Monday, November 24, 2014
Inquirer Daily News

Councilwoman Wants To Limit City Bills For Ethnic Parades

Councilwoman Maria Quiñones-Sánchez wants to take on the issue of parade funding once and for all this week.

Councilwoman Wants To Limit City Bills For Ethnic Parades

Triplets from left Ciara, Corinne, Christopher Lacey, 4, watch the St. Patrick´s day parade last March. (Akira Suwa / Staff Photographer )
Triplets from left Ciara, Corinne, Christopher Lacey, 4, watch the St. Patrick's day parade last March. (Akira Suwa / Staff Photographer )

Councilwoman Maria Quiñones-Sánchez wants to take on the issue of parade funding once and for all this week.

Quiñones-Sánchez plans to introduce legislation tomorrow that would put limits on the amount the city could charge ethnic parades and festivals* for police and sanitation costs. Read a letter she sent to Council members about the legislation here.

Quiñones-Sánchez said she was frustrated that ethnic parades were handed bills last year without warning.

"My biggest frustration is that we took groups to 100 percent [payments] without giving them any value for the work that they do," Quiñones-Sánchez said. She noted that the city’s six ethnic parades cost the city roughly $200,000 each year.

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The Nutter administration’s decision to start charging parades and special events last year for city services like police and sanitation has been controversial, especially with the city’s ethnic parades.

Six ethnic parades march through Center City each year: Puerto Rican Day, Columbus Day, St. Patrick's Day, Greek Independence Day, Steuben Day and Pulaski Day. Last year, several ethnic parades shortened their routes to cut costs. The St. Patrick's Day parade went on last year after last-minute funds were provided by, among others, Philadelphia Media Holdings L.L.C., owner of the Daily News the Inquirer and Philly.com.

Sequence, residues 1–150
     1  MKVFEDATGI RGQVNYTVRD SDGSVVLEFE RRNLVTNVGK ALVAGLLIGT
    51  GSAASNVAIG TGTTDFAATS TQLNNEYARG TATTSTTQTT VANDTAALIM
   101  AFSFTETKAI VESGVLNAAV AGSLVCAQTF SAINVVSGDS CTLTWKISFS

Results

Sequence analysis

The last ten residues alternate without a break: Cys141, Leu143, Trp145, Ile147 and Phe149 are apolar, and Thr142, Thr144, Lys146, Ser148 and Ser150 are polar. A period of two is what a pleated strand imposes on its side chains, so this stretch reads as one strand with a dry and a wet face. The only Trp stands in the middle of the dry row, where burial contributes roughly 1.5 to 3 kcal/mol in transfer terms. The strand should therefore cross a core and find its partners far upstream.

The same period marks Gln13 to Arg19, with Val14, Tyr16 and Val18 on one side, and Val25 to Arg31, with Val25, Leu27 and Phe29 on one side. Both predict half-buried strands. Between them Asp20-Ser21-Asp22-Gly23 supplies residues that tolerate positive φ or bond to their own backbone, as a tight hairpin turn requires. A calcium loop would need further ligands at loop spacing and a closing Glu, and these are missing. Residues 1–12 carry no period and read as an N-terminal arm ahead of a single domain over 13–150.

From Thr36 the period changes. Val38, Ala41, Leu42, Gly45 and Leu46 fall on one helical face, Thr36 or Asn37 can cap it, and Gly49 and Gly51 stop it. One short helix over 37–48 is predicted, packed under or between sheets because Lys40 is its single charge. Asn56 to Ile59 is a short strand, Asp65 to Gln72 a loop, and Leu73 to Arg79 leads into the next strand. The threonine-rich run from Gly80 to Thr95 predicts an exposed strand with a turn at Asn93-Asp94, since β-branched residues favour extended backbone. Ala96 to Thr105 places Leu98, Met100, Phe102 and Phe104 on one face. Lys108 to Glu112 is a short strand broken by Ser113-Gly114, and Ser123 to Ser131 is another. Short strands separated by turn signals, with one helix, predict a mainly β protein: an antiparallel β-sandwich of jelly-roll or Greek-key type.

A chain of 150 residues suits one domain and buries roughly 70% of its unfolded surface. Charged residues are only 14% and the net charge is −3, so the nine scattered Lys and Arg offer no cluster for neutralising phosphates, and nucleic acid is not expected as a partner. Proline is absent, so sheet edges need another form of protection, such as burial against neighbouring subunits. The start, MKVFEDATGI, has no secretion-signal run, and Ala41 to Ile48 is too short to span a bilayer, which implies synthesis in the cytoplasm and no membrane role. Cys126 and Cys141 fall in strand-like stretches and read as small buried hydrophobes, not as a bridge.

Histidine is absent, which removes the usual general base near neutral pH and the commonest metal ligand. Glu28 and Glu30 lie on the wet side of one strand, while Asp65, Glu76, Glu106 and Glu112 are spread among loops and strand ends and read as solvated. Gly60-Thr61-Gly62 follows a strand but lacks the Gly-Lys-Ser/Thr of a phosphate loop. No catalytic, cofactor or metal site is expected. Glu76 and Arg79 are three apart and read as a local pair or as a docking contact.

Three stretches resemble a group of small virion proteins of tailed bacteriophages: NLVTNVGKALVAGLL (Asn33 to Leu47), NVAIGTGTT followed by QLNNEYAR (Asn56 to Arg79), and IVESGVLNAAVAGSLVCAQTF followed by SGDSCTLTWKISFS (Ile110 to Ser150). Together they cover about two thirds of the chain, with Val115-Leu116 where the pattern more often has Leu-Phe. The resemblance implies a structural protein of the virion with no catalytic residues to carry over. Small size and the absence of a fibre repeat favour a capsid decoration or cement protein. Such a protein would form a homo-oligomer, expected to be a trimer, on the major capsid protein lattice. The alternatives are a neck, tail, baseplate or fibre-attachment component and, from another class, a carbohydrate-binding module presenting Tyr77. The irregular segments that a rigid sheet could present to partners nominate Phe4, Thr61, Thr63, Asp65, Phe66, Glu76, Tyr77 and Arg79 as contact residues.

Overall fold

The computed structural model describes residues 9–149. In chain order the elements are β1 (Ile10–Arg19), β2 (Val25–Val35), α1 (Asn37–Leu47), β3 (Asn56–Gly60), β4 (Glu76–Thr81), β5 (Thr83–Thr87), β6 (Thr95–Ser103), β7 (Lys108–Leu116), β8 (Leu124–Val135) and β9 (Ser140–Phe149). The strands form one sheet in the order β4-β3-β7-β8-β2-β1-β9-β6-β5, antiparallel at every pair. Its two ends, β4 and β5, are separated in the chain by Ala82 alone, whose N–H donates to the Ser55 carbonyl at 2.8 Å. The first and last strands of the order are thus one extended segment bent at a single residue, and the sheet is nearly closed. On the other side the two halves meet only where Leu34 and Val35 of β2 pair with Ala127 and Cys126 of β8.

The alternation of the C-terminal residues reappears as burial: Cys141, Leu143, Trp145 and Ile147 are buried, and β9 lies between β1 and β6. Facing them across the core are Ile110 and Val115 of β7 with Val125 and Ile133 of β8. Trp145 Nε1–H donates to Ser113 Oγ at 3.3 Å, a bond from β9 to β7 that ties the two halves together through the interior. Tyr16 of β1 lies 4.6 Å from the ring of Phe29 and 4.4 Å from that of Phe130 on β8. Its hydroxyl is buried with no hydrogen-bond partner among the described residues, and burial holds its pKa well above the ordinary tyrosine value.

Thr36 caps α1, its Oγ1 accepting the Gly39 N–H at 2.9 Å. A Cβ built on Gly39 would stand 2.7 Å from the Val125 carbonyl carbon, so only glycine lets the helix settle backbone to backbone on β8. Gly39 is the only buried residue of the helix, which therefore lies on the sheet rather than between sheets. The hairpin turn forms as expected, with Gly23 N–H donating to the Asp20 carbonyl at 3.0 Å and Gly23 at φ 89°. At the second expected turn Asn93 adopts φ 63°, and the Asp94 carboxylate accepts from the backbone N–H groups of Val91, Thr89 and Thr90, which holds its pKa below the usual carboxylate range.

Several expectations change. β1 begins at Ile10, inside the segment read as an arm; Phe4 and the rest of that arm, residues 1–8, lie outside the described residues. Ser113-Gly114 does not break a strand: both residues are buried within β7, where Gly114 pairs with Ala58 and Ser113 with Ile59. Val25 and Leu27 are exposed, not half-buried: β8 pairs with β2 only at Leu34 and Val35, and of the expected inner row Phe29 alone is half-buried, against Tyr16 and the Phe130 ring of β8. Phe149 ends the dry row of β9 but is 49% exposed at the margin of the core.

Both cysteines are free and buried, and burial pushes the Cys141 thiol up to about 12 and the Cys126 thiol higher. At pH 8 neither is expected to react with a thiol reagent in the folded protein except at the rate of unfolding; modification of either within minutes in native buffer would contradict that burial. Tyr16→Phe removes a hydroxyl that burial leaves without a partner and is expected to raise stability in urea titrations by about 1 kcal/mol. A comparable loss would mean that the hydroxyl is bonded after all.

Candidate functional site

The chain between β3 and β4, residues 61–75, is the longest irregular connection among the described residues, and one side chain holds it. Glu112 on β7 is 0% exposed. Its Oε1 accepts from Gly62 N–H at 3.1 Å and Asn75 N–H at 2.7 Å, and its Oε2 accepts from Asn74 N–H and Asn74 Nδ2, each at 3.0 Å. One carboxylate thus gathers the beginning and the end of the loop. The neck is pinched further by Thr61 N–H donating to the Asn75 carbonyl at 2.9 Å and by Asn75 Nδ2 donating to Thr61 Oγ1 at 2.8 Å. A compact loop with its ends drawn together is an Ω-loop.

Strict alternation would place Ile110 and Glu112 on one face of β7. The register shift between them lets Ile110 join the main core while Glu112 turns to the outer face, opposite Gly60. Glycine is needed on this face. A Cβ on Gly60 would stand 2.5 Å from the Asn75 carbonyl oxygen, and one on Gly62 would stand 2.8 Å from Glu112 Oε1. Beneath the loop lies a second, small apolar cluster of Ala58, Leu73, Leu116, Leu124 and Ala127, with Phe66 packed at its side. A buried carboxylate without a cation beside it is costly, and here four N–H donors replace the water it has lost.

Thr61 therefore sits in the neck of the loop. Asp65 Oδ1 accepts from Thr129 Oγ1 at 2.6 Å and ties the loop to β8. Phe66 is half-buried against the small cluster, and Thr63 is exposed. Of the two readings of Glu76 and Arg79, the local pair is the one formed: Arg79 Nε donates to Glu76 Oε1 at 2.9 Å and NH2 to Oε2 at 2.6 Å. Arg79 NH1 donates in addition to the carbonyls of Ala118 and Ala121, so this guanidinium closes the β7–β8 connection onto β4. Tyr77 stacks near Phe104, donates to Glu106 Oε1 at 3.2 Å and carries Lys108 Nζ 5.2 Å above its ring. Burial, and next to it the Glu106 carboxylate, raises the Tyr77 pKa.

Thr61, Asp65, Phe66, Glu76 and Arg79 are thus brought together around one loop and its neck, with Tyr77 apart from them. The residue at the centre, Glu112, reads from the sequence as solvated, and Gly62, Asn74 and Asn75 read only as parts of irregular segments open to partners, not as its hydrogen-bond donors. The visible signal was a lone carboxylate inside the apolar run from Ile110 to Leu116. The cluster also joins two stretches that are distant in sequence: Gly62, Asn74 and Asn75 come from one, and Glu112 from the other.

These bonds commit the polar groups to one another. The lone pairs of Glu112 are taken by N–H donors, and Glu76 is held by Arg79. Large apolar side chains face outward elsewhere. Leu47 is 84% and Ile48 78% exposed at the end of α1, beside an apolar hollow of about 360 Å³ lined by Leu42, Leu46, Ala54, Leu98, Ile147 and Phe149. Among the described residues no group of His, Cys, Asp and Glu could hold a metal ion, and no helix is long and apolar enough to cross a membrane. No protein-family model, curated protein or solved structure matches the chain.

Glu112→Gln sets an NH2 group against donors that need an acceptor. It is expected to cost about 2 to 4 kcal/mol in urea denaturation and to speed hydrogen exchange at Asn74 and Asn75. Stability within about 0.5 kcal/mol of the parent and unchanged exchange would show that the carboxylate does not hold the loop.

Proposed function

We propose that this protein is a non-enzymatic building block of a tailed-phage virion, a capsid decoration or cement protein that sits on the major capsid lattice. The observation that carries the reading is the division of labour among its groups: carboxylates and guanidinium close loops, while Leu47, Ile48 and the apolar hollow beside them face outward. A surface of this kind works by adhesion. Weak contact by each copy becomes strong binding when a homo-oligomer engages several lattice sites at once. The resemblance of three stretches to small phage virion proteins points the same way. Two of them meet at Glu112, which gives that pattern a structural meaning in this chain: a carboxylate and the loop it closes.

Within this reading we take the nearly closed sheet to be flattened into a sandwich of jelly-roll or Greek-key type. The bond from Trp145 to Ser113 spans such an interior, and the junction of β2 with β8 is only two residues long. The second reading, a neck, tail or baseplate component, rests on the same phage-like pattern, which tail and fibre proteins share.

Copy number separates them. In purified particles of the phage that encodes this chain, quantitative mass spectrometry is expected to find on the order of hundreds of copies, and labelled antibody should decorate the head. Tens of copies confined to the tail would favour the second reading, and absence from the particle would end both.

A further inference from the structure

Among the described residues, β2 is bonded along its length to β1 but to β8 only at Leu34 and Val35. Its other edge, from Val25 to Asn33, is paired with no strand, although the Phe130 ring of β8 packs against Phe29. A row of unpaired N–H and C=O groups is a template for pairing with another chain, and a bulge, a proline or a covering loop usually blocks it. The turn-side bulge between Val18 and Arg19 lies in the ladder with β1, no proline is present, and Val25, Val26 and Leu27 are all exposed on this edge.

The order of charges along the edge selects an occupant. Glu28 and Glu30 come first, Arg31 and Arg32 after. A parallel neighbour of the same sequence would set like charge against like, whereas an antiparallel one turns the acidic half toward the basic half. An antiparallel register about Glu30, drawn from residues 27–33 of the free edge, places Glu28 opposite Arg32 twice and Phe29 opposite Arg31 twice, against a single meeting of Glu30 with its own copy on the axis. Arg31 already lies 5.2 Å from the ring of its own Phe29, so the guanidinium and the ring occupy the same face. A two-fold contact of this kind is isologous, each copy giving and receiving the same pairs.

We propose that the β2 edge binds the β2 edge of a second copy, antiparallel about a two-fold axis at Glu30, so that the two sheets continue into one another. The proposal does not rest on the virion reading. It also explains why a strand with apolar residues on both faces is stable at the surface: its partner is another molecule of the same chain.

NOTE: This story was updated to reflect that the legislation would also apply to festivals.
 

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Chris Brennan, a native Philadelphian and graduate of Temple University, joined the Daily News in 1999. He has written about SEPTA, the Philadelphia School District, the legalization of casino gambling, state government, the mayor, the governor, City Council and political campaigns. E-mail tips to brennac@phillynews.com
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Jenny DeHuff is a 2005 graduate of the University of Rhode Island, where she cut her teeth in journalism. A South Philly transplant from New England, she joined the Daily News City Hall Bureau in 2013. For the past several years, she has worked as an investigative reporter exposing corruption in suburban politics, covering sometimes ghastly criminal court cases and following the people’s money and how its spent. In addition to being a dogged news hound, she enjoys reading and writing about travel, animals, Irish whiskey and aviation. E-mail tips to dehuffj@phillynews.com
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